Royal Canadian Air Force (RCAF)

Mac Joyner


Mac enlisted in the Royal Canadian Air Force in Hamilton, Ontario at the age of 18. Following a year of training, he became a Navigator Bombardier and was posted overseas. After further training, he was posted with 101 Squadron in Lincolnshire, England.

Responsible for pinpointing enemy targets on bombing runs over Germany, Mac flew 33 successful sorties in a Lancaster aircraft.  He was often in harm's way and feared the worst, as anti-aircraft fire and shells were firing at his aircraft.

"I was up in the front of the plane, right in the clear capsule, so I could see and feel everything along with sheer panic," says Mac. "I was a lucky one all right." 

It was a miracle that no one in his plane, a special duty squadron was killed. The eight man crew (five English and three Canadians) included a German-speaking wireless operator, who intercepted and interfered with voice commands from ground units who were directing the enemy crews.  The normal bombing crews had a seven-man crew.

Unfortunately, many of the Lancaster's in his squadron did not make it back. Out of 30 in his original squadron, 45 were shot down in just six months. New planes and crew where being added every day.

"I don't think any of us ever imagined it was going to be like it was," said Mac.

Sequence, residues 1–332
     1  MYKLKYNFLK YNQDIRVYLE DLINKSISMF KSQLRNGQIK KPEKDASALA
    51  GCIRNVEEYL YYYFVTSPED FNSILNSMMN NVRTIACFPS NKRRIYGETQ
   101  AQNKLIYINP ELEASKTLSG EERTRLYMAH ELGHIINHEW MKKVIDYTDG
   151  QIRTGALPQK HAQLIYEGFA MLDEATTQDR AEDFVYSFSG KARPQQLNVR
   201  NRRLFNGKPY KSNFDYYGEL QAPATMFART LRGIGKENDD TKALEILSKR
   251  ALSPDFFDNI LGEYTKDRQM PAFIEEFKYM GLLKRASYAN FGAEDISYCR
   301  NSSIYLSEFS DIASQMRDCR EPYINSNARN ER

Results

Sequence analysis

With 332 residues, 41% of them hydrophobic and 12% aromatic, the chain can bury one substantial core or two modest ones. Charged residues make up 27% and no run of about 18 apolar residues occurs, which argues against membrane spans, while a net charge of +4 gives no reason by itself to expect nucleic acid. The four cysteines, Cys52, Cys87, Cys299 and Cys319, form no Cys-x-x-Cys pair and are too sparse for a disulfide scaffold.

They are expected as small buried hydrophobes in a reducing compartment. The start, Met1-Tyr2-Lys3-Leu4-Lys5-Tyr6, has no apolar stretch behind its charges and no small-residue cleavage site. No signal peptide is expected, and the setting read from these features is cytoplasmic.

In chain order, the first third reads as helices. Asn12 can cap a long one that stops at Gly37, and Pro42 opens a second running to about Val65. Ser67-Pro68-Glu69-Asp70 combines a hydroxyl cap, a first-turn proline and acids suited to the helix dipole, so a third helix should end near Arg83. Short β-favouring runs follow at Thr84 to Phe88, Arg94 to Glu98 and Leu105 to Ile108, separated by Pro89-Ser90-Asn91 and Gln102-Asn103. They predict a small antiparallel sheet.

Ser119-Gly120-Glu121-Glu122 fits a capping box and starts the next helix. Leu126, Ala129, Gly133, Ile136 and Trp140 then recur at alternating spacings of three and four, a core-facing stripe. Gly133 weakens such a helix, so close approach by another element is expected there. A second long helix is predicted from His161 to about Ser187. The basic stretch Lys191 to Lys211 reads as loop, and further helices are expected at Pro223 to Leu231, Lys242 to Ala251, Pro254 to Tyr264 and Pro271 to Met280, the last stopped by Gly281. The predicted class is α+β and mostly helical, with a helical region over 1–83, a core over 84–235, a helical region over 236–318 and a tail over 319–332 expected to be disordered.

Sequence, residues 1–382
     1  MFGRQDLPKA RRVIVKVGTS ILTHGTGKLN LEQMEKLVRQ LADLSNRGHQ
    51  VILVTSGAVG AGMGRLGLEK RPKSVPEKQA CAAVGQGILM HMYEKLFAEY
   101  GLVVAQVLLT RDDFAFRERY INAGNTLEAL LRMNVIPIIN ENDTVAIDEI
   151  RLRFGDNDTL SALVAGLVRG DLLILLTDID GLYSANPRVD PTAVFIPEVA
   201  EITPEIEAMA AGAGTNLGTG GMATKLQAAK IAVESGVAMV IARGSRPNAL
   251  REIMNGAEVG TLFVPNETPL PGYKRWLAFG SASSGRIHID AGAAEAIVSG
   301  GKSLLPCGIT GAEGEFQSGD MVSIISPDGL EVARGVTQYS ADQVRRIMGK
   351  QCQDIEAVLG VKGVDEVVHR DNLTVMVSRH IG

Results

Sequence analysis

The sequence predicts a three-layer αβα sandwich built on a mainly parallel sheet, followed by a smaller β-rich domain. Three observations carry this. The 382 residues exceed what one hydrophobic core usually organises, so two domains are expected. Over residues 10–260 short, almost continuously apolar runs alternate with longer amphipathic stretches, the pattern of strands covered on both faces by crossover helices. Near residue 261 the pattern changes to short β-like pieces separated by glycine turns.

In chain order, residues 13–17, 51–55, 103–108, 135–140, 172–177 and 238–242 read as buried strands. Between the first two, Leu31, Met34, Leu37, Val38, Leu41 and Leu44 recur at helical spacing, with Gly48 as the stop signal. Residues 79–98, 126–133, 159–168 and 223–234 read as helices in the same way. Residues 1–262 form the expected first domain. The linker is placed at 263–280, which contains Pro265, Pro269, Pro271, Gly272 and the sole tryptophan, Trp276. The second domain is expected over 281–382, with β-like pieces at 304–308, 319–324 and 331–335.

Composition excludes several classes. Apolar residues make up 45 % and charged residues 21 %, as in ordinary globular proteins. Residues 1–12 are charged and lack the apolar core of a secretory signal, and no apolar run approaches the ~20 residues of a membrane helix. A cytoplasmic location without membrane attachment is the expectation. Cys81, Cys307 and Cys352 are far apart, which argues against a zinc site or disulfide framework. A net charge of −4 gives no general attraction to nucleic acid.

After the war, Mac returned to civilian life and eventually became President of Décor Metal Products, a division of Firestone Canada. At the time, they were the largest manufacturer of automotive safety seatbelts in Canada.

Good times and leisure now fill his days at the Veterans Centre. Mac has no complaints. Keeping physically and mentally active are key to his wellness. Now days though, he prefers to travel by bus rather than air, taking part in community and out of town bus trips. A highlight was when he visited the Canadian Warplane Heritage Museum in Hamilton.

Family was and still is very much his priority. His son, two daughters, and two grandsons visit him at the Veterans Centre and take him home for family gatherings often.   

For Mac, the war memories remain and are also meticulously tracked in his flight log book. The dates, hours, aircraft names, pilots, and places such as Frankfurt, Stuttgart, Berlin are noted in pen; along with "191 lost" in February 1944 noted and tracked in pencil.

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